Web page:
Rio Tinto-owned Diavik Diamond Mine in the Northwest Territories. Photo courtesy of Diavik
Until about eight months ago, rolling blackouts were a common occurrence in South Africa, where the national power grid is notorious for being unreliable and Eskom, the state-owned utility, has struggled to keep up with rising electricity demand.
But Eskom can’t take credit for this period of relative stability. On the contrary, the situation is not about what Eskom did; it’s about how industry reacted. Electricity demand has eased in the country. Worries over patchy, unpredictable power supply have driven away investment and slowed economic activity. South Africa’s massive mining sector is among the most affected.
“The recent power crisis in South Africa is a textbook example of the impact of unreliable power supply, curtailing output in employment-intensive industries such as mining and placing the country’s reputation at risk as an attractive investment destination,” according to the World Bank. The risks are not unique to South Africa. The World Bank estimates that two-thirds of people in sub-Saharan Africa live without electricity and those with it suffer constant disruption.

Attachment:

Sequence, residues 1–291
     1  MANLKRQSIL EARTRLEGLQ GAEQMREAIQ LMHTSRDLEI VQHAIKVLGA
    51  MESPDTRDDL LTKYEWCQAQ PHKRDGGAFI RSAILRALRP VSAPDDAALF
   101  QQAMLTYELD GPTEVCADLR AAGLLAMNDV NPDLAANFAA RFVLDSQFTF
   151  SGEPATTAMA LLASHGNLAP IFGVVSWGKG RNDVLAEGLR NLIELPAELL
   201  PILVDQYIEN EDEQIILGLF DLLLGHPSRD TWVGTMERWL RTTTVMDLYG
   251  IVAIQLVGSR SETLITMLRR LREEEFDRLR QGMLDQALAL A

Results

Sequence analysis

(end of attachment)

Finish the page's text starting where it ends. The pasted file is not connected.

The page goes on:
For Johannesburg-based Gold Fields, the world’s seventh-largest gold producer, this power predicament was the nudge it needed to seriously consider the role that distributed renewable energy could play in its operations. In 2014 the company partnered with Carbon War Room (CWR), the Richard Branson-founded think-and-do tank – now part of the Rocky Mountain Institute – that helps industries look for profitable ways to reduce greenhouse gas emissions.